Opened to the public in 1980, the park stitches together most of the old Letterfrack estate founded by Quakers James and Mary Ellis to help the local population after the Great Famine, and later run by the Christian Brothers‘ notorious St Joseph’s Industrial School, with areas that once formed part of the Kylemore and Ballyhinch estates. The park’s summits are all within the famous range known as the Twelve Bens. The higher ground is mainly dry blanket bog, with wet boglands situated in the  lower lying environments.

 

On  21–22 May 2010, International Biodiversity Day, six wildlife sites across Ireland took part in ‘Biodiversity Blitz’ to see which site could record the most species in a 24 hour period. Connemara National Park won, with a total of 542 species recorded, including four species of bat, seven species of butterfly, 51 species of macro-moth, 10 species of micro-moth, four species of dragonfly/damselfly, 46 other invertebrate species, 2 amphibian species, 55 bird species, 218 flowering plant species, 83 bryophytes, 17 lichens, 18 liverworts, and 18 algae – a reflection of the diverse nature of Connemara’s flora and fauna.

 

The most common plant found in the park is purple moorgrass, creating colourful landscapes.  (Photo – www.dooneenlodge.com)

 

Other flora include  bog cotton, bog asphodel, bog myrtle, milkwort and lousewort, plus a varied range of lichens and mosses. Rare plant species from the colder areas of Europe and the Arctic may be observed growing high up in the mountains, such as roseroot, purple and starry saxifrages, lesser twayblade, and mountain sorrel. Conversely, plants usually associated with the Iberian peninsula grow locally, notably pale butterwort, St Dabeoc’s heath and St Patrick’s Cabbage. Exotic orchids can also be found. Carnivorous plants play an important role in the park’s ecosystem, the most common being sundew and butterworts trap. Bogs hold very little nutrients so many plants obtain their energy from the digestion of insects.

 

An amateur video of frogs enjoying a spring shower in the park can be viewed here.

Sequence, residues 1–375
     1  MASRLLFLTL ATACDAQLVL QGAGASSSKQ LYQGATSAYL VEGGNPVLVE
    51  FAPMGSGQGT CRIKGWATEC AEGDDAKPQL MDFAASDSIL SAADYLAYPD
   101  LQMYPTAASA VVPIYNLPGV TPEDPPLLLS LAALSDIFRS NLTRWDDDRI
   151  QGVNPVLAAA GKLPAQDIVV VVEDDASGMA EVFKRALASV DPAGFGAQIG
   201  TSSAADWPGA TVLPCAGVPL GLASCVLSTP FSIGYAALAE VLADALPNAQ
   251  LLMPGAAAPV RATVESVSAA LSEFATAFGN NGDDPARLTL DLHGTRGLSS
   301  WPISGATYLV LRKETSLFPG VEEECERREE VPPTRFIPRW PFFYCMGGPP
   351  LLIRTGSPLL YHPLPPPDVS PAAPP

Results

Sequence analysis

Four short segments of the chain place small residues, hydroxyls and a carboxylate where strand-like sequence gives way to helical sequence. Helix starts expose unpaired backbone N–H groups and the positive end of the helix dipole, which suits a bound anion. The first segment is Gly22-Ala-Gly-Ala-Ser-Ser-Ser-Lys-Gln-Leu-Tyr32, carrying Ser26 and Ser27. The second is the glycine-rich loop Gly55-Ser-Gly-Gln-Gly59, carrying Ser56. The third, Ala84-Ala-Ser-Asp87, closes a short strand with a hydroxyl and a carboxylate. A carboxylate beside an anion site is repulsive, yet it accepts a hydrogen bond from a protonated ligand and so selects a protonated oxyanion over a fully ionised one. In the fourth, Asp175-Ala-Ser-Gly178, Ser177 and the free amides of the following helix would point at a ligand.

Common song birds include meadow pipits, skylarks, stonechats, chaffinches, robins and wrens. Native birds of prey include the kestrel and Eurasian Sparrowhawk, while merlin and peregrine falcon are less frequently seen. Woodcock, snipe, starling, song thrush and mistle thrush are more common in winter, along with seasonal migrants such as redwing and fieldfare.

 

The park is grazed by a herd of wild Connemara ponies (presented to the nation by President Erskine Childers); feral goats and untamed donkeys can also be seen, although sheep appear to be banned. Red deer, once common locally, were extirpated from the region in the mid-C19th; an attempt is being made to reintroduce them to Connemara with the establishment of a herd within the Park. Fieldmice are common in the woodlands, where pine martens and pygmy shrews can also be found, but the boglands are the best place to sight rabbits, Irish mountain hares, Irish stoats and foxes.

 

Traces of manmade structures range from 4,000-year-old megalithic court tombs to a C19th century graveyard. From the cultivation ridges and hollows still visible, it is apparent that this was an agricultural region with the higher lands used for grazing and lower lying areas used for growing vegetables. Ruined houses, a lime kiln, an ice house, a drainage system and an ancient road proove that a significant population lived here in the past.

 

Tobar Mweelin, a Holy Well associated with Saint Maol Roc, was tapped to supply water to Kylemore Castle and enclosed within a Victorian pump house, still in use today.

 

Letterfrack is the location of the main entrance to the park and a Visitors’ Centre that has an interesting museum and pleasant café, plus lots of information, maps and guides about walking routes etc. and is the starting point for some lovely waymarked trails, including a track all the way to the top of Diamond Hill, which commands stunning views of the area.

Bog Week and Sea Week are two annual festivals that take place here, with programmed talks and workshops on environmental matters, hill-walking in the park and live music in the Letterfrack pubs.